Mays honored its outstanding staff of faculty researchers, mentors and service providers this week in an annual meeting to close out the fall semester.

For the first time, the school recognized the work of faculty mentors who were instrumental in the creation and maintenance of small-group learning communities for 781 business freshmen. This fall was the first semester all incoming first-year students were invited to join their peers in weekly group meetings with student and faculty mentors. More than 160 faculty and upperclass students formed a network of support and resources for these business freshmen. Faculty also paired one-on-one with 60 business Regents Scholars, who are first-generation college students.

Faculty mentors were nominated for Mays awards by the students they helped guide this fall. Associate Professor of Finance Sorin Sorescu and Accounting Senior Lecturer Lanie Thornton were the first recipients of Mays’ Regents Scholars Mentor Award. Accounting Lecturer Mary Stasny and Keith Swim, Jr., management clinical associate professor, were likewise the inaugural honorees of Mays’ Freshman Business Initiative Mentor Award.

Administrators also honored the work of staff members with the Outstanding Staff Awards for 2006. Winners, cited for their dedication to their work and coworkers and their unfailing good humor in the face of challenges, are: Linda Huckaby, administrative assistant in Mays’ Undergraduate Program Office;Karen Rabroker, business coordinator II in the Executive MBA and Master’s Program Office; Teresa Warner, business associate III in the Department of Finance; and Phyllis Washburn, administrative assistant in the Department of Management.

Mays Distinguished Achievement in Research Awards were presented to Coleman Chair and Professor in Marketing Venkatesh Shankar and to Ekkehart Boehmer, an associate professor of finance and Mays Research Fellow. Mays Research Fellowships were awarded to: Wendy Boswell, associate professor of management and director of the Center for Human Resource Management, a two-time fellowship winner; Professor of Marketing Sanjay Jain; Assistant Professor of Marketing Alina Sorescu; Associate Professor of Finance Sorin Sorescu, also a two-time fellow; Management Associate Professor Laszlo Tihanyi; and Assistant Professor of Management Elizabeth E. Umphress.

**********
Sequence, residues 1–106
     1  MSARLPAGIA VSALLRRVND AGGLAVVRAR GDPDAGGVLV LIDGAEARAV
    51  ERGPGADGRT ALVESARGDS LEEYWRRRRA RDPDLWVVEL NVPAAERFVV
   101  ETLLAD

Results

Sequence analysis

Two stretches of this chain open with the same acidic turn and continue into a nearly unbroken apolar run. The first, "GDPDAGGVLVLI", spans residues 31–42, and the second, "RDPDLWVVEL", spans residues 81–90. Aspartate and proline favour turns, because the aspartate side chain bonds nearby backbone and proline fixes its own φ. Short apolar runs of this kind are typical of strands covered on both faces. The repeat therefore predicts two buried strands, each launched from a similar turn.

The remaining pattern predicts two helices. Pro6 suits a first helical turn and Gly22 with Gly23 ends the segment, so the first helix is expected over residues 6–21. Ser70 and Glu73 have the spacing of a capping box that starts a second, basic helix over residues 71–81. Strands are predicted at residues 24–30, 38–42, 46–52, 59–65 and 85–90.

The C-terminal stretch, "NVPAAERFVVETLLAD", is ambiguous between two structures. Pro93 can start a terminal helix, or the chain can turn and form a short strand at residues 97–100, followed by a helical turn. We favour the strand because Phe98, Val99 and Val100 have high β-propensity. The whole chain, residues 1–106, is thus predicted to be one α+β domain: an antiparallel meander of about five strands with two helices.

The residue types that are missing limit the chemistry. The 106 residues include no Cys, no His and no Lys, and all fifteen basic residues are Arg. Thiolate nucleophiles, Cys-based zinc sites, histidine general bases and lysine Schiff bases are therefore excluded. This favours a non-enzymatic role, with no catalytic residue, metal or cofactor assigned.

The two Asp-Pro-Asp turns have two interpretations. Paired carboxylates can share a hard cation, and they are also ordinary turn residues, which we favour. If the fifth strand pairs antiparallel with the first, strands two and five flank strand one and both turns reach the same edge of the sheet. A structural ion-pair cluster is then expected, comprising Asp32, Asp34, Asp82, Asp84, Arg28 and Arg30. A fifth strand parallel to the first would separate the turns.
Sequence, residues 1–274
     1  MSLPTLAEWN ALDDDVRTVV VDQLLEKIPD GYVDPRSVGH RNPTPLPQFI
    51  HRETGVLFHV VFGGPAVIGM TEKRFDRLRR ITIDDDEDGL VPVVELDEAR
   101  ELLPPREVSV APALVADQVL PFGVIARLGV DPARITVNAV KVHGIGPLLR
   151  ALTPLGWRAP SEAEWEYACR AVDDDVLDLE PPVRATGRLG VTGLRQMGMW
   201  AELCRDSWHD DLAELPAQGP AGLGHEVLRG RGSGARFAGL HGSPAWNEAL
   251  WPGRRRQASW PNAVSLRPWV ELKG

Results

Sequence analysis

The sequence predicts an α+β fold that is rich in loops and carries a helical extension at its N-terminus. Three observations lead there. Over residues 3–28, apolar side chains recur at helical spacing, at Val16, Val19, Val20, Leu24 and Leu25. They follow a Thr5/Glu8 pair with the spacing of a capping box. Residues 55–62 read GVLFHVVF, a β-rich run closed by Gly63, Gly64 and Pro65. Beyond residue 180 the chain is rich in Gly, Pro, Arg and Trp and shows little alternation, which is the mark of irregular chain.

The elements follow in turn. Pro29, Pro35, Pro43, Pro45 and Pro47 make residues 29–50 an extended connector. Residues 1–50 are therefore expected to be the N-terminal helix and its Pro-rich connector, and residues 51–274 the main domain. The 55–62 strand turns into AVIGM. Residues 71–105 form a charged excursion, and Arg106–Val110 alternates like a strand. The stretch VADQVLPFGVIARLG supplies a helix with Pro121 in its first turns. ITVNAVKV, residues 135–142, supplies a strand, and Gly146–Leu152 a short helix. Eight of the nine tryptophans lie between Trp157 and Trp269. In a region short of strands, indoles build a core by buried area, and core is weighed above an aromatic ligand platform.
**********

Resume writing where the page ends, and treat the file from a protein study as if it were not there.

“It’s hard each year to name just a few of the incredible staff and faculty we have on hand for these awards,” Dean Jerry Strawser said. “We are truly blessed to work with such a wonderful group of colleagues.”

Categories: Faculty, Staff

Thomas Britton “Britt” Harris IV ’80 is the new chief investment officer of the Teacher Retirement System of Texas (TRS). Harris, a leading institutional investor for more than 25 years, will oversee the investment division of the TRS fund—the sixth largest public pension fund in the U.S.

TRS delivers retirement and related benefits that have been authorized by the state Legislature, and manages a more than $100 billion trust fund established to finance those benefits.

Harris, a BBA finance graduate, has been CEO of Bridgewater Associates, chief investment officer and president of investment management corporations for both Verizon and GTE, and managing director for Asea Brown Boveri. He has also held a steady hand in service, returning to Mays to guest lecture and, in 2006, to provide the vision behind a series of courses that expose students to the top business works and general literature classics and to the top icons of business.

Categories: Former Students

Accounting Professor L. Murphy Smith shot this award-winning photo, titled “An Eye on the River Thames and Parliament,” during a flight on the London Eye in July 2006. Smith’s photo won second prize in the faculty category from Texas A&M’s Phi Beta Delta during International Education Week on campus this November. Phi Beta Delta is an honorary society dedicated to recognizing scholarly achievement in international education.

Categories: Departments, Faculty

A paper penned by three Mays accounting scholars for next year’s American Accounting Association Financial Accounting and Reporting section meeting is already on the Social Science Research Network’s top 10 downloads list.

“Executive Stock Options, Missed Earnings Targets and Earnings Management: Evidence from Book-Tax Difference” is authored by Associate Professor Mary Lea McAnally, PhD student Anup Srivastava and Associate Professor Connie D. Weaver.

Categories: Departments, Faculty

A dozen master’s in land economics and real estate (LERE) students got down to the basics of residential real estate—landscaping and painting—as part of a Habitat for Humanity build in Bryan this November.

Though LERE students typically find themselves in the investments and commercial management side of real estate, they took a turn instead creating a nice environment for a pair of family homes. This was the first Habitat build for students from Mays’ LERE Association, whose mission is to further student development in commercial real estate through service, professional networking and continuing education outside the classroom.